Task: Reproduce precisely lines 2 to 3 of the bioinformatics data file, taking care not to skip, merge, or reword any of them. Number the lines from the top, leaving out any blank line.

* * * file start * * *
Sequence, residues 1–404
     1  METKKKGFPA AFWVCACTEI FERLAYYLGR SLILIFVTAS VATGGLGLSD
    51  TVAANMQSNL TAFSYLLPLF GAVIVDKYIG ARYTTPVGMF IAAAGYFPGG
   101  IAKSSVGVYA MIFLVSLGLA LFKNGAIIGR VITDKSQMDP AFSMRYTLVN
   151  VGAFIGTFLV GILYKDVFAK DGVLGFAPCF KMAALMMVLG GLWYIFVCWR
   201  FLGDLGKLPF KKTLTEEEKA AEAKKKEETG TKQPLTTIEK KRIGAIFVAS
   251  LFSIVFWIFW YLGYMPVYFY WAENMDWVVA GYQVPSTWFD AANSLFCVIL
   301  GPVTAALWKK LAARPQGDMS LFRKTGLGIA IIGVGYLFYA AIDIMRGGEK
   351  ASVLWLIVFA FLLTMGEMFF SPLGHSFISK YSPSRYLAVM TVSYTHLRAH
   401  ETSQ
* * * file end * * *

     1  METKKKGFPA AFWVCACTEI FERLAYYLGR SLILIFVTAS VATGGLGLSD
    51  TVAANMQSNL TAFSYLLPLF GAVIVDKYIG ARYTTPVGMF IAAAGYFPGG